Missing out on life by playing little vignettes on the stage of the mind
The constant distraction of thought offers much to investigate… if, of course, you can recognize when you’ve been captured by thought. Upon further review, there is little to distinguish these distracting thoughts from the narratives you form in your mind while reading a novel. When meditating next time, dive into the thought that was so absorbing.
First, where was this vignette played out? Did it hide in the plain sight of the scene you are used to looking at or, like reading, did it exist somehow in between your eyes and your mind’s eye? Who were the characters? Did you see them clearly? Or hear them talk? Did they use your voice? Could you distinguish numerous voices? How?
What did this mental short film make you feel? Were you modeling the future, trying to plan? Did you recall an argument or poignant moment from your past? Did this planning or memory leave behind a motivating feeling?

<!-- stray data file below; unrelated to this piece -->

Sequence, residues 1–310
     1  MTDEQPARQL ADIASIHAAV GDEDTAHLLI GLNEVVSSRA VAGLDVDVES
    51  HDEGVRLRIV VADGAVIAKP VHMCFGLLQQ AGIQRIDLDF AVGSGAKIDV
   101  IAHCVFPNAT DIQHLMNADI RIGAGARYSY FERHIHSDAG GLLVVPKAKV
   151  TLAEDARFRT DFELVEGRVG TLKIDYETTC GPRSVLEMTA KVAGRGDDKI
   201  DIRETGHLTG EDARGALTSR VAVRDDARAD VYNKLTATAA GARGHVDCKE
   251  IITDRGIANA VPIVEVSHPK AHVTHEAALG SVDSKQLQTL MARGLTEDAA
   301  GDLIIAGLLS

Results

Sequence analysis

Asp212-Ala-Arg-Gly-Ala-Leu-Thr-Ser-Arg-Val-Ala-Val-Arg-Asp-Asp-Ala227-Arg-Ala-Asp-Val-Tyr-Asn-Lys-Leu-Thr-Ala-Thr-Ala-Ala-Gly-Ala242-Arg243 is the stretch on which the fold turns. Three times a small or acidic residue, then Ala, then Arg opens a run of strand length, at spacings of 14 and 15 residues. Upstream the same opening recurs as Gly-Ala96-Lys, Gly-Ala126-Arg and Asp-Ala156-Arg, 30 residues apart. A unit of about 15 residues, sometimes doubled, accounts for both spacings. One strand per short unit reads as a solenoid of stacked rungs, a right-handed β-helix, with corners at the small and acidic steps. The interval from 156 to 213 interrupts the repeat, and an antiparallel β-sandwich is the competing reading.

Finally, how did the capture work? Were you mostly aware and present one moment and the next—nothing—or did you gradually slip? Was the thought somehow more impactful than what you were doing or was it drivel you somehow were attracted to anyway?
Of course, small and sub-cognitive thoughts are common to everyone, taking away their ability to capture our awareness takes practice and paradoxically a study of their nature. For me, the content of my small thoughts are most often unimportant, but their capture of my attention can be nearly complete and come without warning. They seem to (weirdly…) pull me down and to the right. In my mind’s eye, I have to pull up and out of a small thought and wonder how something so mundane could replace oneness-with-loving-awareness?
Practice is one answer. I’ve had a lot more time just being with what is—headless, boundless, ever-changing awareness. I still plan and model the future so I can get ahead at work and to improve my relationship with my dynamic partner, but my mind takes a mile for planning when I want to inch along aware of, but not limited by, cognition.
Next time, think about that mundane thought, not with judgement (another thought trap!), but with the interest and investigation of Sherlock Holmes, so you see it sneaking around next time, and can watch it unravel before it distracts you.